# Null checks in view

It's really a nitty-gritty issue for me, and I have been here many times before. How could this be improved?

I have a basic viewmodel for a view:

public class LoginViewModel : BaseViewModel
{
public User _User { get; set; }
}


My base class looks like this:

public class BaseViewModel
{
public List<string> StateMessages { get; set; }
}


The view takes a LoginViewModel, but if I do not pass it in from the controller, then I need to check the StateMessages for null before I access it. So I pass in an empty ViewModel, which is okay, but if I could get around it, it would just look better.

[Route("login")]
[Route( "~/", Name="default" )]
{
if (User.Identity.IsAuthenticated)
return RedirectToAction("Index", "Dashboard");

}


Then in the view I don't have check for null, which I prefer:

@foreach (var err in Model.StateMessages)
{
<span>@err</span><br />
}


I know this is very cosmetic, but is this just they way it should be, or can I somehow avoid to new up a new and empty ViewModel in the controller?

• Please add more code to get a better view of your problem. Where do you do the null check ? Where and how do you pass an empty ViewModel ? I have deleted my answer so it is legit to add more code. – Heslacher Nov 20 '14 at 9:26
• At the moment I don't do a null check anywhere. And I want to keep it than way. But I believe passing in an empty viewmodel, just to come around it, is equally a bad design. But there might not be a way around it. Ideally I would like just "return View();" and in the view, still do the above. But since the model would be null, I need to do a null check in the view, which is just ugly. – user3633222 Nov 20 '14 at 9:33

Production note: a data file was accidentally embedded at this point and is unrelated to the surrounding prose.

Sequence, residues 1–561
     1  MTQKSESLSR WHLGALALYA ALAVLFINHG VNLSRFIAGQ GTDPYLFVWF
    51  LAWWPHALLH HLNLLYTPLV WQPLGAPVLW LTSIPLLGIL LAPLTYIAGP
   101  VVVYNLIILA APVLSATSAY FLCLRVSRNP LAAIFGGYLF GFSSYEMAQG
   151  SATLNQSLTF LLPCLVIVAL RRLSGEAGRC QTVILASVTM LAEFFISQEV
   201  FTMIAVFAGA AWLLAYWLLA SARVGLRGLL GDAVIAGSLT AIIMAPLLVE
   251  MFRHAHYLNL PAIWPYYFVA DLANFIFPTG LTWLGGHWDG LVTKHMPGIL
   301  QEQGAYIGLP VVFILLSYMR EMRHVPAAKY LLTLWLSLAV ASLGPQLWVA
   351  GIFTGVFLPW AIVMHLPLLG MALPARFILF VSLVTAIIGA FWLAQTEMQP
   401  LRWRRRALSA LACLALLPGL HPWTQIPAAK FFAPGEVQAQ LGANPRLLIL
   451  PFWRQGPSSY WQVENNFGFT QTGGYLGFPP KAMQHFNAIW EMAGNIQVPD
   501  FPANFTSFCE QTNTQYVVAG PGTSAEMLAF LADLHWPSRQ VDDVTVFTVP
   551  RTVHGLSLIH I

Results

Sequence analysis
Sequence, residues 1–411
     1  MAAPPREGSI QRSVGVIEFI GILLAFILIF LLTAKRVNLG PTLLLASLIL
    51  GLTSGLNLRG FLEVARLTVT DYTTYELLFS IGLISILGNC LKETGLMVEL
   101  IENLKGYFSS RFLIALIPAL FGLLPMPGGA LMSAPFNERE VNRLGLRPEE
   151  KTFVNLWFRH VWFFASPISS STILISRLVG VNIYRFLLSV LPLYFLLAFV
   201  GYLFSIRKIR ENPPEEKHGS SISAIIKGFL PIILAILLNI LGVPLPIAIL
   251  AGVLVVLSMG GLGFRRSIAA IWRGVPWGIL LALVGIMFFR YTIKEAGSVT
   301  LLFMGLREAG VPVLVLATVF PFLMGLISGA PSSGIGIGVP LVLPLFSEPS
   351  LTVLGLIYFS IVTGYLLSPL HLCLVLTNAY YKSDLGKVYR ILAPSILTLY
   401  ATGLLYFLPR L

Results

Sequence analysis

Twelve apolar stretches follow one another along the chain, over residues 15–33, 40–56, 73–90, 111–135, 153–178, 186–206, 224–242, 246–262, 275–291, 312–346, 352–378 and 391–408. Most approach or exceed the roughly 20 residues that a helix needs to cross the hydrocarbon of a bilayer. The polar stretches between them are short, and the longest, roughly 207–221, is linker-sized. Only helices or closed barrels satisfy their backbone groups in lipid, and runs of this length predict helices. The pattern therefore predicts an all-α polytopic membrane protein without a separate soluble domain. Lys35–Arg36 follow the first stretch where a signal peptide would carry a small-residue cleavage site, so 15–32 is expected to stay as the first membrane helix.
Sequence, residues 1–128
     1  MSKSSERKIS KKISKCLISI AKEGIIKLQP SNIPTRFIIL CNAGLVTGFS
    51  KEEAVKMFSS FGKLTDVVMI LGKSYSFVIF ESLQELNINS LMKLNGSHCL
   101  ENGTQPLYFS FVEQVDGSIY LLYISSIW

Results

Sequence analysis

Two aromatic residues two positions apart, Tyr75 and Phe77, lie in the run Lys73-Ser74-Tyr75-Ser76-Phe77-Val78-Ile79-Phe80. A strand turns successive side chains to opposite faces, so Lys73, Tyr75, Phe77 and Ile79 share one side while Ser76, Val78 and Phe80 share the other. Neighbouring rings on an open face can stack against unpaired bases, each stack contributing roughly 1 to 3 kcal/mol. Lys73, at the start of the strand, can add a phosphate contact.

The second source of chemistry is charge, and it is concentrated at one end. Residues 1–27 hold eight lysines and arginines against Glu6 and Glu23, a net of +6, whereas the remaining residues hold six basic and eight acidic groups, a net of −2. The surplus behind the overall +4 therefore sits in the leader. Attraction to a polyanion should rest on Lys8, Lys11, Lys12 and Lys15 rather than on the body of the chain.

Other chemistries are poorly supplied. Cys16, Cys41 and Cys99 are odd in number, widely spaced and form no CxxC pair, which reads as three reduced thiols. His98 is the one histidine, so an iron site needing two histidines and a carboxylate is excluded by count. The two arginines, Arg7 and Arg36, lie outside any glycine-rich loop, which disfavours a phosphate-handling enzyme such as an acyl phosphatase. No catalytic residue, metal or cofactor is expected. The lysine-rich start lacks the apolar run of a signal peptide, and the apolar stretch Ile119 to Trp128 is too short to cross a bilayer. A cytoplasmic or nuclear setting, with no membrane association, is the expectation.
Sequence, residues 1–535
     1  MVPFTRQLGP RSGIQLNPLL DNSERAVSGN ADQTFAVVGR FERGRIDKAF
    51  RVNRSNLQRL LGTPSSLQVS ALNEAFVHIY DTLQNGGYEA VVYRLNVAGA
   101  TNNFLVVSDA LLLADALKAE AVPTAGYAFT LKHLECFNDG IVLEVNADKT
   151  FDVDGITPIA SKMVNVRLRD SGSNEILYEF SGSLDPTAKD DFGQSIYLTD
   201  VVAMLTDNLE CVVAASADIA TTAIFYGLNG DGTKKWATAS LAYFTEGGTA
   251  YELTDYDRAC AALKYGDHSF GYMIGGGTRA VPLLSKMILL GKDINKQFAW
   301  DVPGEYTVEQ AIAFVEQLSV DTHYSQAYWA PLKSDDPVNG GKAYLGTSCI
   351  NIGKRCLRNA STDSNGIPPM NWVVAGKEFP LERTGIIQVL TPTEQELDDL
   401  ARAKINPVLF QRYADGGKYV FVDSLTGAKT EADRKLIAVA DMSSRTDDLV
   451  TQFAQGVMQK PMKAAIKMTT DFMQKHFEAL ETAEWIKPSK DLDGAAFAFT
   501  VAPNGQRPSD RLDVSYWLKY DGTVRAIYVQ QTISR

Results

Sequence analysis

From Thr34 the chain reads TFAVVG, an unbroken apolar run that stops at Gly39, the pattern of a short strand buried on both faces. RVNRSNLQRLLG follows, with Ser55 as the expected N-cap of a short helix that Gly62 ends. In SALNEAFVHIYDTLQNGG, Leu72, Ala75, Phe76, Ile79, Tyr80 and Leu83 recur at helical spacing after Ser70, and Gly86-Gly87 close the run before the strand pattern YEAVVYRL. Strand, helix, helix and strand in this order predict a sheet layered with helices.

• I don't see a problem with the empty viewmodel. It seems to better represent the situation. You have no state messages, that corresponds to an empty collection of state messages, not to a null collection. – Ben Aaronson Nov 20 '14 at 11:50
• Thx Ben, that was actually all I needed to hear :) – user3633222 Nov 20 '14 at 13:17

I would suggest changing the type of StateMessages from List<string> to IEnumerable<string>.

It hides implementation details, allowing you flexibility in your choice of data structure in the future.

It also gives you more control over how client code can access/modify the state messages.

Make the backing field readonly to ensure that it's not null.

public class BaseViewModel
{
private readonly List<string> stateMessages = new List<string>();

public IEnumerable<string> StateMessages
{
get { return this.stateMessage; }
}

// Other methods to access/modify stateMessages.
}